Somehow or other we got on to the topic of cheap truck tires and Harvey told us that retreaders and people who buy retreads used to be called second class citizens.
He said, there was a time when retreaded tires were pretty good but they didn’t last as long as new tires and their adjustment rate was somewhat higher than comparable new tires. In spite of that, however, they were safe and saved truckers and others considerable amounts of money when compared to higher priced new tires.
According to Harvey, that was a long time ago and those days are past.
Retreaded tires produced today in retread factories receive the same care and attention as brand-new tires, but they cost a lot less. Brodsky reports that the overall adjustment rate for retreads produced in top quality factories are as low –- very often lower -– than the adjustment rate for comparable new tires. In fact, says Brodsky, you don’t have to believe him: just this ask any retreader to show you his adjustment records, he’ll likely be happy to do so.
There have been many technological advances in retreading just as with other things in our lives. Some examples which affect retreads are non-destructive inspection equipment, computer-driven precision machinery, and rubber chemistry which all contribute to finished retreads with increased quality and value.
If you have never been in a modern retread factory you may be amazed. You'll see shearography, ultrasound, high-voltage, and X-Ray testing methods used, which enable retreaders to actually see through the tire to determine if there are separations, broken steel cords or any other damage that would make a retreaded tire unsafe. Tire casings that cannot pass these tests will not be retreaded.
Old beliefs tend to persist. Remember "road alligators" -- tire debris the highways? For a long time people assumed -– incorrectly -– that these are caused by retreads: those "cheap" truck tires. In reality, much of that tire debris is from tires that have NEVER been retreaded. It was caused by improper tire maintenance.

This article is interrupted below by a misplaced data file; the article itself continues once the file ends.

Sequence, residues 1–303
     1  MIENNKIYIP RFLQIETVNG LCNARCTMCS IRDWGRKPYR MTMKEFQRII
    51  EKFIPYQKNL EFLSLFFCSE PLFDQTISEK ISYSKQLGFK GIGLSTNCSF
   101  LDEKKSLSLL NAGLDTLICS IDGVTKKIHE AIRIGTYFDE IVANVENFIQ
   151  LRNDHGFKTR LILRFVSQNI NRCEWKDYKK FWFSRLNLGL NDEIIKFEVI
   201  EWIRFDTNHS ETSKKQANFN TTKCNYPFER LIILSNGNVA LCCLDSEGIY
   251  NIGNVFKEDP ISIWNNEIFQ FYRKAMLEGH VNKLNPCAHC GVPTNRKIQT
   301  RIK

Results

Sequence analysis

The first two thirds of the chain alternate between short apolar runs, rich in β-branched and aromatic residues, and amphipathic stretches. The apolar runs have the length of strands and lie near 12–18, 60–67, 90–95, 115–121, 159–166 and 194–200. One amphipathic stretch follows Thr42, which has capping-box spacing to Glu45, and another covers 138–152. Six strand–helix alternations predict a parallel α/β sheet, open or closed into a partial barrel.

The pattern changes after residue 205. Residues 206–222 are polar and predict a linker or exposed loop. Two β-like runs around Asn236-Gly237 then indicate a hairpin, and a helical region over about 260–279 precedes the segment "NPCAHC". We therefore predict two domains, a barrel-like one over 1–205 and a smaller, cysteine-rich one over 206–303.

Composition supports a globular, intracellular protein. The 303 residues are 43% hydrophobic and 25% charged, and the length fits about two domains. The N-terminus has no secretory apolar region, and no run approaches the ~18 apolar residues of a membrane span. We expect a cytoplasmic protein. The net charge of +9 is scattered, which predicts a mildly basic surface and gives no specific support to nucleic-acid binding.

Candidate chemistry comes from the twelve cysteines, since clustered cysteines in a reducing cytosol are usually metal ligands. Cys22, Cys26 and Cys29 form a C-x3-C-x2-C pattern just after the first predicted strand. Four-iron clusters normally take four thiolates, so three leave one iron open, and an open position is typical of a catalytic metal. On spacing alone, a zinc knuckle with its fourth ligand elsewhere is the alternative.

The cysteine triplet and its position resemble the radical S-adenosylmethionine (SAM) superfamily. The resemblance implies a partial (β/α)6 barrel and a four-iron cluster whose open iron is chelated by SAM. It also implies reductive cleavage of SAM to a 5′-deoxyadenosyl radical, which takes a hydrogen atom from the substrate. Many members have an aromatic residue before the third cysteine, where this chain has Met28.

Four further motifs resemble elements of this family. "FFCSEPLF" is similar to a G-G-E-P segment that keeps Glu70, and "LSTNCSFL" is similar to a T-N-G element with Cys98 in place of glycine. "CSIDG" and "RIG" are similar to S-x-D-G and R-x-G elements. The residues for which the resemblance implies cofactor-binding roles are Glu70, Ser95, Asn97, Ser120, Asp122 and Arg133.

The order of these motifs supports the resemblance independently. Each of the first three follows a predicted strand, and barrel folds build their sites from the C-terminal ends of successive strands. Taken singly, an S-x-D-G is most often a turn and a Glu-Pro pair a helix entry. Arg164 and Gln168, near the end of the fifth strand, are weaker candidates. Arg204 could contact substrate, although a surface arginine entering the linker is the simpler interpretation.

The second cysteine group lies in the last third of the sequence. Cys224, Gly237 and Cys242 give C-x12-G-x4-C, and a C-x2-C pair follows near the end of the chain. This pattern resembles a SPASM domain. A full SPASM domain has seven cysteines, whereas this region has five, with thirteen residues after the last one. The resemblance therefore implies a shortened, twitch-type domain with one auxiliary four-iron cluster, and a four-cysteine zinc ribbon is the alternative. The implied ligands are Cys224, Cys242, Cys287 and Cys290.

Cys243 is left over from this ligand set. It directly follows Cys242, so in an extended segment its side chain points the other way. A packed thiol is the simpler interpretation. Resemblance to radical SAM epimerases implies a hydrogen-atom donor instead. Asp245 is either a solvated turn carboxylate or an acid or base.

Brodsky has a passion for retreading and truly believes in it to the extent that not only does he personally drive on retreads, so does his wife and son, and they have been doing this for many years.
Brodsky's answer is YES. Commercial and military airlines have been safely using retreads on all size planes for years. So do school and municipal buses, fire engines and other emergency vehicles. Add to that the U.S. Postal Service, FED EX, UPS, virtually all major trucking fleets, taxis, race cars and many other types of vehicles. Even the US government has a Federal Executive Order (#13149) MANDATING the use of retreads on many types of government vehicles.
Retreading is responsible for keeping millions of tires out of landfills every year. Whenever tire is retreaded a significant amount of oil and other energy are saved. Over the years billions of gallons of oil have been saved by retreading. Brodsky believes that retreaded tires are one of the most environmentally friendly recycled products you will ever use.
Here's the math. A trucker using a top of the line tire will be paying over $400 for one tire. Either by retreading or buying retreads from a good retreader, the savings will be at least 50%. That tire will provide approximately the same mileage as a new tier with an adjustment rate as low, possibly even lower, than a new tire.
Even volume tire buyers who purchase tier 2 or lesser grade new tires, will still save close to 50% by changing to retreads.
You can use a retread wherever you use a virgin tire, regardless of the temperature. The same as new tires retreads require the right air pressure. That is, they need to have the air pressure adjusted to the load they will carry.
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In the meantime, you need to do your part and care for your tires ... see Part II of Cheap Truck Tires.
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